The Conscience

The Apostle goes on to say how the Moral Law operates in the heart of the individual, i.e., “their conscience also bearing witness, and between themselves their thoughts accusing or else excusing them.” Our conscience judges our thoughts, words, and actions. If we do not meet the moral standard, our conscience accuses us. Thus our conscience is like a little policeman we carry around in our head, who either accuses or excuses us when we involve ourselves in moral decisions and actions.


In summary, the Moral Law given by God through Moses to the ancient Hebrews on tablets of stone is the same Moral Law that is written on the heart of every human being. Our conscience accuses us, not because there is something wrong with God’s Law, rather because there is something wrong with each one of us. The Apostle says that, “we suppress the truth in unrighteousness.” Romans 1:18b. This is to say that because we are fallen we try to keep an internal lid on what may be known of God, (i.e., His character as expressed in His Moral Law as it written in our hearts and witnessed to by the external Ten Commandments).

The Two Ways God Reveals Himself

There are two ways in which God reveals Himself to fallen humanity. The first is twofold: The things He has made and our conscience. And the second is the Scriptures. However, since we are fallen creatures the former cannot properly be understood without the latter. Thus, the Ten Commandments, which are written on stone, confirm that which is written on the heart. In other words, the subjective can be confirmed only by the objective. However, in order to effectively silence an accusing conscience one first has to be reconciled to the Author of the Moral Law!

Military Context

For decades and perhaps centuries those involved in military conflict have encountered people displaying what used to be known as “Shell Shock”, then “Battle Fatigue” and now “Post-Traumatic Stress Disorder” (PTSD). PTSD has been defined as, “A fear – victim reaction to a perceived life threat. It has clinical symptoms of flashbacks, nightmares, hyper-vigilance, dissociation.” Then, in America in December 2009, a slightly different (but perhaps related) disorder began to be discussed. It was referred to by psychologist as “Moral Injury.” It has been stated that, “Moral Injury is an inner conflict based on moral self assessment of having inflicted or failed to prevent significant harm. Its symptoms are excessive guilt, loss of meaning, anger and shame.”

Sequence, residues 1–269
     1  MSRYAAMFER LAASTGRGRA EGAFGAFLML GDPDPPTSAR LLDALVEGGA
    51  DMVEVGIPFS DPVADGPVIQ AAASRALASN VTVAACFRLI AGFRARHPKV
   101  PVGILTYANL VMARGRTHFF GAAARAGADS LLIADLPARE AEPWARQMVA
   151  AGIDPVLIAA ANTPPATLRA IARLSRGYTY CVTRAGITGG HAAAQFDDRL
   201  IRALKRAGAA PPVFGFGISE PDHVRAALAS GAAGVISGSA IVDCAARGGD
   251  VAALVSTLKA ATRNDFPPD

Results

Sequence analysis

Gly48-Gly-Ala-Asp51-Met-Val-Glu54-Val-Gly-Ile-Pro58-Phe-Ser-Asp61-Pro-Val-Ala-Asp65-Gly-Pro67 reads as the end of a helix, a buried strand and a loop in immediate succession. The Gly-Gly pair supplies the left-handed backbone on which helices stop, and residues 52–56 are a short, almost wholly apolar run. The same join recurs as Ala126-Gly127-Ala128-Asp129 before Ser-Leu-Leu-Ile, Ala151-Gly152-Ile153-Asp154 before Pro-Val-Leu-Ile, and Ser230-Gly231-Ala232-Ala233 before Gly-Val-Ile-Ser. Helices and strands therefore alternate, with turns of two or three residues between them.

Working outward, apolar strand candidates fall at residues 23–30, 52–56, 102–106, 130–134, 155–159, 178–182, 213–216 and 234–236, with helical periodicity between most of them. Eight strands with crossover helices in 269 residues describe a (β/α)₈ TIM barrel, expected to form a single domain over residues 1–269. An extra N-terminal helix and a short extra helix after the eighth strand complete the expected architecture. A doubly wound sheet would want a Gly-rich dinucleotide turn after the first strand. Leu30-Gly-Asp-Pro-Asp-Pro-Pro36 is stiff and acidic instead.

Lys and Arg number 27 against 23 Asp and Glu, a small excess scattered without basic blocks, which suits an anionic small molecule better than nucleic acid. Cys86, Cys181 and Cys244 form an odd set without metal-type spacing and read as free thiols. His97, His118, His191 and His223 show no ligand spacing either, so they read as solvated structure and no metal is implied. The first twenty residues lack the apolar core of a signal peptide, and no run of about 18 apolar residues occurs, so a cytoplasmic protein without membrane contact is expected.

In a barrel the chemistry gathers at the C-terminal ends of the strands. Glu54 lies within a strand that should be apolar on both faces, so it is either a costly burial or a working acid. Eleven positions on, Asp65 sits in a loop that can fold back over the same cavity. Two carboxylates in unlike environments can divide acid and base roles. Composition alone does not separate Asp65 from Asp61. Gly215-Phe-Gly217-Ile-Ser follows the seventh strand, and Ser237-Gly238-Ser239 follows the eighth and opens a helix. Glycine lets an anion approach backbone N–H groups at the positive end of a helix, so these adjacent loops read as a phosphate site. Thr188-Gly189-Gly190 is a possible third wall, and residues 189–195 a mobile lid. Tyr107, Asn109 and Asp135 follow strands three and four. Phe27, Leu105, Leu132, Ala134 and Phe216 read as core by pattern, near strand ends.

“As ‘moral injury’ is more an existential and spiritual crisis than a psychological dysfunction, psychologists have pointed out the limited therapeutic impact that standard cognitive interventions can offer.  The suggestion that effective assistance for moral injury involves some sort of confession and forgiveness within a moral framework has moved the discussion into territory usually covered by chaplains.  The implicit faith-based and moral set of assumptions which under-gird pastoral transactions in chaplaincy are precisely what appears to be needed in repairing moral injury.”[1]


Like all moral dilemmas “Moral Injury” is a problem of the conscience. Oswald Chambers got it right when he said, “Conscience is the internal perception of God’s Moral Law.” Therefore anyone with a conscience is aware of God’s Law. The Apostle Paul says, “The Law was our tutor to bring us to Christ, that we might be justified by faith” Galatians 3:24. Thus, the accusing conscience, by revealing God’s Moral Law on our heart, demonstrates to the individual their need for Christ, the Saviour of sinners. Therefore, the inner conflict of conscience can be remedied by Jesus Christ revealed only in the Gospel.